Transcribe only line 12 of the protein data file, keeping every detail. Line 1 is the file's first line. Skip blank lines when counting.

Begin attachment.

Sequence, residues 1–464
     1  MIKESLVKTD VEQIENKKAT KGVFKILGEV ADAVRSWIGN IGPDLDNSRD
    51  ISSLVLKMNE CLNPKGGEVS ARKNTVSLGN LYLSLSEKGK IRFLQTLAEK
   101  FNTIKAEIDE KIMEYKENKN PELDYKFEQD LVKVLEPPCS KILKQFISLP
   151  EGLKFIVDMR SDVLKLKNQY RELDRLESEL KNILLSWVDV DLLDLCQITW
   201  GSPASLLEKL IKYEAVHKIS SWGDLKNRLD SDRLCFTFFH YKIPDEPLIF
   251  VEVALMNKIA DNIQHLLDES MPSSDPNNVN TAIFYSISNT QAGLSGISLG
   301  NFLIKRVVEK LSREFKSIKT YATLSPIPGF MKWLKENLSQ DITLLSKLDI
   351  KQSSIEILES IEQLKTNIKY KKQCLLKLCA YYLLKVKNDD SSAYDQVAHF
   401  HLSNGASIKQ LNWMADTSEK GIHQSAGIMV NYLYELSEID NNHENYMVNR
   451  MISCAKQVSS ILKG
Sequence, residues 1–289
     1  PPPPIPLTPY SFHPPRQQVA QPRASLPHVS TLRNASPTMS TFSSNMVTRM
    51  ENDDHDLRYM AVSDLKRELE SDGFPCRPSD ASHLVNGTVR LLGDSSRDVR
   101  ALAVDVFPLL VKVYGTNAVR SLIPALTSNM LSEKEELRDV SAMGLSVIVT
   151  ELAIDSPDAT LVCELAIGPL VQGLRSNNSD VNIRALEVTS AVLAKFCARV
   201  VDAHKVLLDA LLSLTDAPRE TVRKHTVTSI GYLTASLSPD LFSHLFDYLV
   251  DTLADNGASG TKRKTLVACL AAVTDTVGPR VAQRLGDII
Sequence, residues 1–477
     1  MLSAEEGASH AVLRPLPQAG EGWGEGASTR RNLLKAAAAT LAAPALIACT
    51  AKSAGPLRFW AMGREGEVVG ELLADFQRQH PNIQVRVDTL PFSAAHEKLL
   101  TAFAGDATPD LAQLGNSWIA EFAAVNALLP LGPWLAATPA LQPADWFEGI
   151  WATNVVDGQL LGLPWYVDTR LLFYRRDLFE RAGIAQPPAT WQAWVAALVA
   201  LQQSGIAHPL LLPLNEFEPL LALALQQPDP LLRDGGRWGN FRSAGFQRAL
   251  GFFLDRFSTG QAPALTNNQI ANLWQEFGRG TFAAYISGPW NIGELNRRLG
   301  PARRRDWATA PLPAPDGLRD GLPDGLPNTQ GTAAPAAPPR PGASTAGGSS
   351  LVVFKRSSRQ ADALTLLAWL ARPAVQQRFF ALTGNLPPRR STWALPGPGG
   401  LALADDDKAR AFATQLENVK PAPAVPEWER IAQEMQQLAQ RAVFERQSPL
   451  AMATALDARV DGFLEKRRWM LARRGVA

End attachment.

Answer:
Sequence, residues 1–289